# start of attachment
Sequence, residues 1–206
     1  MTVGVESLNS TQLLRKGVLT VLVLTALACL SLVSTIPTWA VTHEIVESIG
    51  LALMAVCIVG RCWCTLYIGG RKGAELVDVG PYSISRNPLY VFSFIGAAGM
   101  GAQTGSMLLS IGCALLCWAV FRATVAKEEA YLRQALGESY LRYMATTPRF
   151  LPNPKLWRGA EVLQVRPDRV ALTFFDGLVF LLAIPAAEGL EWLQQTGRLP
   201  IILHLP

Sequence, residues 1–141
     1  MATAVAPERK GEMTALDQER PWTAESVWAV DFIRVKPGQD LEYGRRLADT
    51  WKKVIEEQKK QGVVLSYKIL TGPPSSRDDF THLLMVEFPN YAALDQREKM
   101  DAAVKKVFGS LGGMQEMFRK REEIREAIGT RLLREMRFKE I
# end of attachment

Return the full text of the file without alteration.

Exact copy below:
Sequence, residues 1–206
     1  MTVGVESLNS TQLLRKGVLT VLVLTALACL SLVSTIPTWA VTHEIVESIG
    51  LALMAVCIVG RCWCTLYIGG RKGAELVDVG PYSISRNPLY VFSFIGAAGM
   101  GAQTGSMLLS IGCALLCWAV FRATVAKEEA YLRQALGESY LRYMATTPRF
   151  LPNPKLWRGA EVLQVRPDRV ALTFFDGLVF LLAIPAAEGL EWLQQTGRLP
   201  IILHLP

Sequence, residues 1–141
     1  MATAVAPERK GEMTALDQER PWTAESVWAV DFIRVKPGQD LEYGRRLADT
    51  WKKVIEEQKK QGVVLSYKIL TGPPSSRDDF THLLMVEFPN YAALDQREKM
   101  DAAVKKVFGS LGGMQEMFRK REEIREAIGT RLLREMRFKE I